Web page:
Silvio Farnese, a supply director at Brazil’s Agriculture Ministry, said this season’s smaller crop could support prices, especially for arabica futures in New York, since the size of cut in production for that variety is significant, Reuters reports.
Looking further out, coffee prices could rebound as climate changes puts a dent in global production.
“Lower prices like you’re seeing at the moment is more of a risk than climate change for the next three years,” Geordie Wilkes, head of research at Sucden Financial Ltd., told Bloomberg. “Producers in central America are making a loss. In the longer term, 10 years onwards, it’s climate change which is more important for the market.”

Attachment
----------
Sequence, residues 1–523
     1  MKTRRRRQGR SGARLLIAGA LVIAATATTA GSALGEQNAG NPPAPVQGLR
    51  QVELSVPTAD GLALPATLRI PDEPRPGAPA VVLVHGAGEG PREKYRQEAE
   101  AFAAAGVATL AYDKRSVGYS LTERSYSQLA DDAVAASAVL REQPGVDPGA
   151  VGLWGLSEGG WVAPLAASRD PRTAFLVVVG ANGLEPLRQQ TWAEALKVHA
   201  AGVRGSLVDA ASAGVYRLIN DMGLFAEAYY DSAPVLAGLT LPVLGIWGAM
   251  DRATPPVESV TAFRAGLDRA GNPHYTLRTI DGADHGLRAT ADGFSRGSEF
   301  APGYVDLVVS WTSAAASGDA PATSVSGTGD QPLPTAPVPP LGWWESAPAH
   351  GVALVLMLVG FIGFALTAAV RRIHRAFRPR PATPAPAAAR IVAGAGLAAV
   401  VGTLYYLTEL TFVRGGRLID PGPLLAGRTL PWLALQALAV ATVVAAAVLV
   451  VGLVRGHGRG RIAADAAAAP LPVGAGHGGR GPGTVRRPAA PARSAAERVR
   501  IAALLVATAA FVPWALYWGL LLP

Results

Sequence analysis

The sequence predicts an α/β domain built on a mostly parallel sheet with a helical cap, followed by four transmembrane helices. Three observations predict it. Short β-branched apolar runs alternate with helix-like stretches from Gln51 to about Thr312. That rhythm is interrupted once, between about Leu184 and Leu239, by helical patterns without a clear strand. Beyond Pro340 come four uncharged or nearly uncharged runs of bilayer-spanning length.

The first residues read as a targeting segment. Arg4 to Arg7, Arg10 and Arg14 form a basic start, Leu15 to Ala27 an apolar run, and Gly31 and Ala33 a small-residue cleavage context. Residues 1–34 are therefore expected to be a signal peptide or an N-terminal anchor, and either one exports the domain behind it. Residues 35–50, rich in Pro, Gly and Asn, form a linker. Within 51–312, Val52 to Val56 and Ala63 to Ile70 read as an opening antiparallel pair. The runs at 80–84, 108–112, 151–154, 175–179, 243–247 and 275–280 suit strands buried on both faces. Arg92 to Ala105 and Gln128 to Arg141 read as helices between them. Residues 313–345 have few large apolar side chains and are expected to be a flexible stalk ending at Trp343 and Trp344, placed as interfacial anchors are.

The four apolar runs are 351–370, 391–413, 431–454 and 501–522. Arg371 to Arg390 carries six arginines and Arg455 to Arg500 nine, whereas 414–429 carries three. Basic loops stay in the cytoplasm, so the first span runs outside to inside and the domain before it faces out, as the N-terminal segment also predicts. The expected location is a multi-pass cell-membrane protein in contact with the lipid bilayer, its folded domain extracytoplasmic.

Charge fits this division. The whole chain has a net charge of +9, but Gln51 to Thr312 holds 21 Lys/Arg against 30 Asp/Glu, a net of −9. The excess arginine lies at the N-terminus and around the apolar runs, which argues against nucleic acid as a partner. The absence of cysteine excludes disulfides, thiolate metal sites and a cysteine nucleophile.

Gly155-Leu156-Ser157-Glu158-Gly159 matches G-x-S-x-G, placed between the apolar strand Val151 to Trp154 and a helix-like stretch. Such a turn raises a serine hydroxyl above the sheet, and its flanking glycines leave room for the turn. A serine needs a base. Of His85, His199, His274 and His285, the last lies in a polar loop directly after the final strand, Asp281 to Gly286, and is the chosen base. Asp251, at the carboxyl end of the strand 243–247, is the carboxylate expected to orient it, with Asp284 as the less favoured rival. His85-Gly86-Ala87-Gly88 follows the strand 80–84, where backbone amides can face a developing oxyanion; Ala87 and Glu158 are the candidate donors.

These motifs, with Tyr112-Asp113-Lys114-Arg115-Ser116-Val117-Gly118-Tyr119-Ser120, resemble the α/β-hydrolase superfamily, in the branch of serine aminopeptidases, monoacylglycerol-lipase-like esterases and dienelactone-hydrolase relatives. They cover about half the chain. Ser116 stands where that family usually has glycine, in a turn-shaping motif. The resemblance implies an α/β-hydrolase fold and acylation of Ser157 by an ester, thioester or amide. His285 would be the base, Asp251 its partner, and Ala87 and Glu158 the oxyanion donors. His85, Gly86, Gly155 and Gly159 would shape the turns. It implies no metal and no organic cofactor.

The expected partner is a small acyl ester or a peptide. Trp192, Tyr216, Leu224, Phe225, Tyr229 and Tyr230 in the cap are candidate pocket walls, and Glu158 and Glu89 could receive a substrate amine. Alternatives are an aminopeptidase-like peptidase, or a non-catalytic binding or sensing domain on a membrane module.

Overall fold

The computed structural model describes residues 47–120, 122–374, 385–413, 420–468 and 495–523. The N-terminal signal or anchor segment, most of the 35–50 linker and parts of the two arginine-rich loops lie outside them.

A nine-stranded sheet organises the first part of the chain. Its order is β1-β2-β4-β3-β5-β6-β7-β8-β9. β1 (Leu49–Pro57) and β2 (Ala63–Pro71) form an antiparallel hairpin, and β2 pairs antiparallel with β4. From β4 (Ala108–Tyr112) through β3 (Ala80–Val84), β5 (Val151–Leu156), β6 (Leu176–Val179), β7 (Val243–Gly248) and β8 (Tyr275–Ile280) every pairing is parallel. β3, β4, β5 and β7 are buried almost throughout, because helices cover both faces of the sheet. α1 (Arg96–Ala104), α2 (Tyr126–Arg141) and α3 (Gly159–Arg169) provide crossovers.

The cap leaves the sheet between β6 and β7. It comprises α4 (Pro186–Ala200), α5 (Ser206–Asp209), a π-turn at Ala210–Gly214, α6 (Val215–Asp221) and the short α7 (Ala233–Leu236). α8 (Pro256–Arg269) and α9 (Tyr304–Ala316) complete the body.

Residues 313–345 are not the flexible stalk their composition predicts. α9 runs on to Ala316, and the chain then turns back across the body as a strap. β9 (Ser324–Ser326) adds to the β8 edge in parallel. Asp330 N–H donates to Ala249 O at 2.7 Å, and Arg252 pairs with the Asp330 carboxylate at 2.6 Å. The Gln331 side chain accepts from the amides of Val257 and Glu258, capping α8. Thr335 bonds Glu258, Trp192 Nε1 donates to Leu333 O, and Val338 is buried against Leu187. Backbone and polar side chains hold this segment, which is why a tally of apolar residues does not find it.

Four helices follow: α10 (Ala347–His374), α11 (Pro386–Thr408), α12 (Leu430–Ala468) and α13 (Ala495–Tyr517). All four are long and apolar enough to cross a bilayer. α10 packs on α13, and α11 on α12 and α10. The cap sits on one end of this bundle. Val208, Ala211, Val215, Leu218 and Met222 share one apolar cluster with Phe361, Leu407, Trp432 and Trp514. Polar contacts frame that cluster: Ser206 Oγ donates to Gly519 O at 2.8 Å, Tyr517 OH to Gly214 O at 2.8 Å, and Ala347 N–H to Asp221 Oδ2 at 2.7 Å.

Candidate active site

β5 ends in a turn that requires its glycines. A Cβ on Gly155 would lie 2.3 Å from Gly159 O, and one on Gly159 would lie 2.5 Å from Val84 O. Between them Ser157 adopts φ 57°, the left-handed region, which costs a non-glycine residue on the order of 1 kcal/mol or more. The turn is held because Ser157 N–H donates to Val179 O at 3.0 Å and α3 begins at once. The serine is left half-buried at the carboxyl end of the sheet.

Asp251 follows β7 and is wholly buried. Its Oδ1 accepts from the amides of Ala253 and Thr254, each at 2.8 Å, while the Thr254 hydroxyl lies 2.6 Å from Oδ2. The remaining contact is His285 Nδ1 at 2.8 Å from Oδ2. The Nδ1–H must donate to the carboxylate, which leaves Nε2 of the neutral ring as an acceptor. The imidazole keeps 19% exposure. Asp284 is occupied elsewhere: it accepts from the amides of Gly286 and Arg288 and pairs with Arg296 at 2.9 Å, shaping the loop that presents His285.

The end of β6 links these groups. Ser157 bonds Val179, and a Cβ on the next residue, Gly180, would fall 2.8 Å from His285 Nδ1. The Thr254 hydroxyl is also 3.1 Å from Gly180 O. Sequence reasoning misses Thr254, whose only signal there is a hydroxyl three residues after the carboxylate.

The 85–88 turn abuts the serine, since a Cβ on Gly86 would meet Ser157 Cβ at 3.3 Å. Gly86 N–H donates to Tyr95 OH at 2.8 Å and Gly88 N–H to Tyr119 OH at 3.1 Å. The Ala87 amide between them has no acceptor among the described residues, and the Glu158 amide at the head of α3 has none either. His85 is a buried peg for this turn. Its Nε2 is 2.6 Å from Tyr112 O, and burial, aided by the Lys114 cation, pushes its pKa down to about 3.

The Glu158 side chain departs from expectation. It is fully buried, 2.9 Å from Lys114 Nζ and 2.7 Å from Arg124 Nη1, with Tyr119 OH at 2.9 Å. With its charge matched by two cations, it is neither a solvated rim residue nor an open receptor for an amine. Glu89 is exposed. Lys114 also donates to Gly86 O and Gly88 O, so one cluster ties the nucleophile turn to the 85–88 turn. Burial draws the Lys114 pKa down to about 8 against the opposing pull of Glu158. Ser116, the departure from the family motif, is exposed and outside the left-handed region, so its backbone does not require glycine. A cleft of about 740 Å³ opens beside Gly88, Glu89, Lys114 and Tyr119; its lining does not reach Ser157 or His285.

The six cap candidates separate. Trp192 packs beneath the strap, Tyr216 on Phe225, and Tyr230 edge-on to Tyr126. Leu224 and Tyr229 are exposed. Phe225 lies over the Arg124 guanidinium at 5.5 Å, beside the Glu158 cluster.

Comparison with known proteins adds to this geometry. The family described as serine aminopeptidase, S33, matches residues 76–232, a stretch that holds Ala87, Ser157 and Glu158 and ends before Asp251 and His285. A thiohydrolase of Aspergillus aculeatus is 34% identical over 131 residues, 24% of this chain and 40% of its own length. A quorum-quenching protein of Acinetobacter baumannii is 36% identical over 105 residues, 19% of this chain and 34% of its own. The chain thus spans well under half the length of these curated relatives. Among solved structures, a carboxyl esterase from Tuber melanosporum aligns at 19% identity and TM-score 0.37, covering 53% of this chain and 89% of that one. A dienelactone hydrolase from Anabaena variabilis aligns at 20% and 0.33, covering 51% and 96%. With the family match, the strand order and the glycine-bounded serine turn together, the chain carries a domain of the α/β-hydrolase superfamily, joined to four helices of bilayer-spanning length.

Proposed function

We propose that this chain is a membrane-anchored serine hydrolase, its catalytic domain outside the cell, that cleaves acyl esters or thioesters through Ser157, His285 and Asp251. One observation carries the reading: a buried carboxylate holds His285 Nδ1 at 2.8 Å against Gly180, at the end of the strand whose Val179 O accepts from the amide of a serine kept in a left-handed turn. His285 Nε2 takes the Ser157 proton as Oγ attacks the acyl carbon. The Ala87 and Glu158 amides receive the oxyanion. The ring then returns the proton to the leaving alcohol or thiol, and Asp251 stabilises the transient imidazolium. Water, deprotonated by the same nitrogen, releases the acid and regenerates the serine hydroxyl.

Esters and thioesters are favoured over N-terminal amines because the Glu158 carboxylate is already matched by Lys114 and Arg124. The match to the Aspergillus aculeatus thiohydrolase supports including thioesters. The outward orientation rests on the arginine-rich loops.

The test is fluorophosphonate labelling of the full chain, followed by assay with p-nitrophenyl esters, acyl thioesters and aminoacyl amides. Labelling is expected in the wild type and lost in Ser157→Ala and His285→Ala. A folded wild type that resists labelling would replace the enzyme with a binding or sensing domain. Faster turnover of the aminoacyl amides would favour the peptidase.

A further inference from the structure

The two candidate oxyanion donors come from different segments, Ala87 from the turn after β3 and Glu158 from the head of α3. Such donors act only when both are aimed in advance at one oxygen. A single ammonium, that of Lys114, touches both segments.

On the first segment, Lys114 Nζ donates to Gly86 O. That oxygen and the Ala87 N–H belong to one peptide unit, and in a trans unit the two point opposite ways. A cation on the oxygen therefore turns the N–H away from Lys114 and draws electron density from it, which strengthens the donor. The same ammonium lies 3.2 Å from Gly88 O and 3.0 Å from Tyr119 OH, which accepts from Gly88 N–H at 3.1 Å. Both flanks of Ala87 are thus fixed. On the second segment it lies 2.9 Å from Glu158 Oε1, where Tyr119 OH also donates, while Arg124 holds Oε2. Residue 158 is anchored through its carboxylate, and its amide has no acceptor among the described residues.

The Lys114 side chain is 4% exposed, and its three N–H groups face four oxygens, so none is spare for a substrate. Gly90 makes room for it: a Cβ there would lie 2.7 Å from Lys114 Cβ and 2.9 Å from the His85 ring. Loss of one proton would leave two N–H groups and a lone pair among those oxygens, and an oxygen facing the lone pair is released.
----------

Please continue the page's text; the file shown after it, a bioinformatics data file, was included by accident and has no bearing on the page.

Arabica beans require year-round temperatures of between 15 to 24 degrees Celsius, or 59 to 75 degrees Fahrenheit, according to the Coffee Research Institute. They suffer from frost if it is too cold, and the quality of the coffee declines if it is too warm. However, shifting temperatures are beginning to affect production.
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